AMIE Watson had hoped to continue studying next year but fears she will have to abandon her plans. Ms Watson is a TAFE student studying liberal arts at Swinburne University's Lilydale campus. The university announced yesterday it would close the Lilydale campus next year.
From July 1 it will stop offering courses there. The closure is part of a broader restructure at Swinburne that will claim up to 240 jobs.
Ms Watson, 19, said she was angry the university failed to give any warning of the closure.
She said she was trying to decide between doing an arts degree or a TAFE hospitality course. But Swinburne is cutting a broad range of TAFE courses, including cookery, hospitality, local government, floristry, recreation and tourism.
Swinburne offers TAFE and university streams at the Lilydale campus, which has more than 3000 students.
Ms Watson, who lives in Healesville, said many students would refuse to travel to Swinburne's main campus in Hawthorn. ''I think it's extremely unfair. No one asked us what we want.''
The university is also moving its faculty of design from Prahran to Hawthorn.
Swinburne TAFE teacher George Ulehla said staff were yet to be briefed about the changes.
He said the campus closure would hurt Lilydale's economy.
Swinburne will lose $35 million after the state government slashed TAFE funding by about $290 million earlier this year.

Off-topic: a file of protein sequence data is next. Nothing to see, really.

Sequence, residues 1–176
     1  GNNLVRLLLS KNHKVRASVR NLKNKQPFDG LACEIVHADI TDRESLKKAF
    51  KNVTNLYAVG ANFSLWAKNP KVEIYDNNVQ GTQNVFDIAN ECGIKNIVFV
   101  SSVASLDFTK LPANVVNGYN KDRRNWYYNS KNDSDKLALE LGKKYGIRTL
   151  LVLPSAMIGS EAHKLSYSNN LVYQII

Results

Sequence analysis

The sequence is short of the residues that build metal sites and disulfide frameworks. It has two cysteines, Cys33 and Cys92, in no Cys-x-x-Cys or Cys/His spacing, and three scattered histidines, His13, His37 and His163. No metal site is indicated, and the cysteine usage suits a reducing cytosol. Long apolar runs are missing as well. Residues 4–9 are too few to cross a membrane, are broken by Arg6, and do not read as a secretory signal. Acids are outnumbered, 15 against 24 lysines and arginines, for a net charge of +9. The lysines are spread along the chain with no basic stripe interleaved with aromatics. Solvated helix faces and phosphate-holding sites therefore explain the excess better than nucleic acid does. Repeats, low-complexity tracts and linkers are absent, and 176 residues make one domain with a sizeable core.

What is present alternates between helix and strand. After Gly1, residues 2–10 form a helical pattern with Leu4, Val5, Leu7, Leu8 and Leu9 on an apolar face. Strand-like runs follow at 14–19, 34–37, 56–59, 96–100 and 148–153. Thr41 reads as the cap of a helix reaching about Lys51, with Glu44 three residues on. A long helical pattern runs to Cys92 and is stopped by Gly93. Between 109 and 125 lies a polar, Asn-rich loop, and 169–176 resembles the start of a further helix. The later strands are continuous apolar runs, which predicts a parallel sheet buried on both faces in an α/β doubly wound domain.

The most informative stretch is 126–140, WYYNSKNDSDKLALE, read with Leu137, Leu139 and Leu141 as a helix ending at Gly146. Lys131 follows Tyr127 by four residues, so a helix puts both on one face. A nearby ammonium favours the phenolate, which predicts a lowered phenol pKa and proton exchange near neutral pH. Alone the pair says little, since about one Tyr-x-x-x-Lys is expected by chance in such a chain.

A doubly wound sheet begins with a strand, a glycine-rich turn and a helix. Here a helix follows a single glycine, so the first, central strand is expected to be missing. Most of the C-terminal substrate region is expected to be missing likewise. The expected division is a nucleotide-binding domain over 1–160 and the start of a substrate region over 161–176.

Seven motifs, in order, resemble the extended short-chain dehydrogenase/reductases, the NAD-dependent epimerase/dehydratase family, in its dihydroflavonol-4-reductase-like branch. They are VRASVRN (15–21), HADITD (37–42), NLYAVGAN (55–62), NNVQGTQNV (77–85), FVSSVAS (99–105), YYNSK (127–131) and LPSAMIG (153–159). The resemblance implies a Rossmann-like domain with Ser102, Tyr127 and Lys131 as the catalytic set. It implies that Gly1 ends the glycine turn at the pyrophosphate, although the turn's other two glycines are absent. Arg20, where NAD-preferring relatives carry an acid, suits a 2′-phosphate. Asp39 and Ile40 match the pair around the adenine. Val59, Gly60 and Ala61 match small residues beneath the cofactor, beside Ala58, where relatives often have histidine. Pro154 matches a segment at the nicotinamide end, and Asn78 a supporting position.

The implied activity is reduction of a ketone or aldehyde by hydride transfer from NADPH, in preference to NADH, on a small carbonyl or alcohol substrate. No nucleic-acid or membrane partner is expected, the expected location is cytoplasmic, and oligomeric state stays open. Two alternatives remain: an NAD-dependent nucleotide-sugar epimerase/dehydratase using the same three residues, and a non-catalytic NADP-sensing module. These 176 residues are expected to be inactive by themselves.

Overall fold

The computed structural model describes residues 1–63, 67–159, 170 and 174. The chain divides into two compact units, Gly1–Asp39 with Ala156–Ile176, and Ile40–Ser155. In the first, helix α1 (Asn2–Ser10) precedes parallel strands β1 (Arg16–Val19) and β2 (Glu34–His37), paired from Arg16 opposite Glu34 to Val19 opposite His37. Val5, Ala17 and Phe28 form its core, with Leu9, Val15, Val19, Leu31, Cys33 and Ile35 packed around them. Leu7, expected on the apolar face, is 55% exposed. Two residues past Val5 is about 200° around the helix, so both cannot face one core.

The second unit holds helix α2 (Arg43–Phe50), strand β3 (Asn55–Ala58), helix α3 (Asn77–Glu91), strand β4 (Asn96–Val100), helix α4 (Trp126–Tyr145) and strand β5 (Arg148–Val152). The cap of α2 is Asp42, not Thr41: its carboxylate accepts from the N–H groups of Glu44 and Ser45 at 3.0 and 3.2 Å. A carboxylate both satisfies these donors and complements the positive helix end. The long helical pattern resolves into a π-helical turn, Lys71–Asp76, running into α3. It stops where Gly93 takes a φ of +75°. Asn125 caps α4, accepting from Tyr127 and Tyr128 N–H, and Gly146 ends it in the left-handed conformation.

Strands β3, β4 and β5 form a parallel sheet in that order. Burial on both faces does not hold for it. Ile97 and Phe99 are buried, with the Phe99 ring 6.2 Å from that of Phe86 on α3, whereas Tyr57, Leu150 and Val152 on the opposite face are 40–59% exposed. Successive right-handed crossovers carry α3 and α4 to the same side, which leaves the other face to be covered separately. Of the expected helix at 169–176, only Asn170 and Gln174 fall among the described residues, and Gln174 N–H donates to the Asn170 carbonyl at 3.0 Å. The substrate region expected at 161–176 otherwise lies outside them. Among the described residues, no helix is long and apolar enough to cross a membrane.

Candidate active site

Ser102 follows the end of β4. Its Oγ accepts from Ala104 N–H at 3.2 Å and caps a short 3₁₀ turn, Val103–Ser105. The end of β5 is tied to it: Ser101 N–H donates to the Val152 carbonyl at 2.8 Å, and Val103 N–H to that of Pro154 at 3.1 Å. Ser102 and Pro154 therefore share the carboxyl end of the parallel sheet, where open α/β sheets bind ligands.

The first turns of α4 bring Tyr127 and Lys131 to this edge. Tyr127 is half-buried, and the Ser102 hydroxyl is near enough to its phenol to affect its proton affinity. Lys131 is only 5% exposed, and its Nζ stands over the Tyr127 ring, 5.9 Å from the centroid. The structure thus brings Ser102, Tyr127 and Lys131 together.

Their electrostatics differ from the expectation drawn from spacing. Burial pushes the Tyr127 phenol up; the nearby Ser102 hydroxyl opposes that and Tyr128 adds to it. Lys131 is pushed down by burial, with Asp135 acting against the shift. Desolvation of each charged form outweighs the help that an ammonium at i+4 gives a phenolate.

Swinburne vice-chancellor Linda Kristjanson (right) said the university would offer voluntary redundancies. Teachers will account for half of the redundancies, with the remainder to come from general staff.
The university will also abandon TAFE courses that have low student demand.
The Victorian secretary of the National Tertiary Education Union, Colin Long, said the union would continue talks with the university next week.
''We do have a sense they are trying to minimise the damage but the extent of the cuts is so substantial they've been forced into a bad situation,'' he said.
Communications student Melissa Ong said she found out her campus would close through Facebook.
Ms Ong said the university should have been more open about its plans before announcing it would close the campus. She has studied at Lilydale since 2009 and has several years to go before completing her degree.
Ms Ong said the Lilydale campus offered a much warmer and more personal atmosphere than other university campuses.
''We all became family because we're all from the local area,'' she said. ''It's a second home to most of the students.''
The state's Minister for Higher Education and Skills, Peter Hall, said the government's cuts to TAFE subsidies had not directly resulted in the closure of Swinburne's Lilydale campus, which he said housed higher education courses, not vocational training.
''The prime reason for these changes … is the refocus the university has taken to strengthen their delivery in the areas of science, technology and innovation,'' he said.
''They [Swinburne] continue to be a strong deliverer of vocational training and consequently in receipt of government subsidy for training. So yes, with the changes in subsidies that does have an impact on the university, but overwhelmingly the reason why they have made the changes is that they are refocusing on their areas of strength.''
Labor deputy leader James Merlino said the Swinburne campus closure and job losses was the reality of the government's cuts to TAFE.
Swinburne's student union condemned the closure. President Mark Briers said the union was concerned that the university had not consulted students before announcing it would close the campus.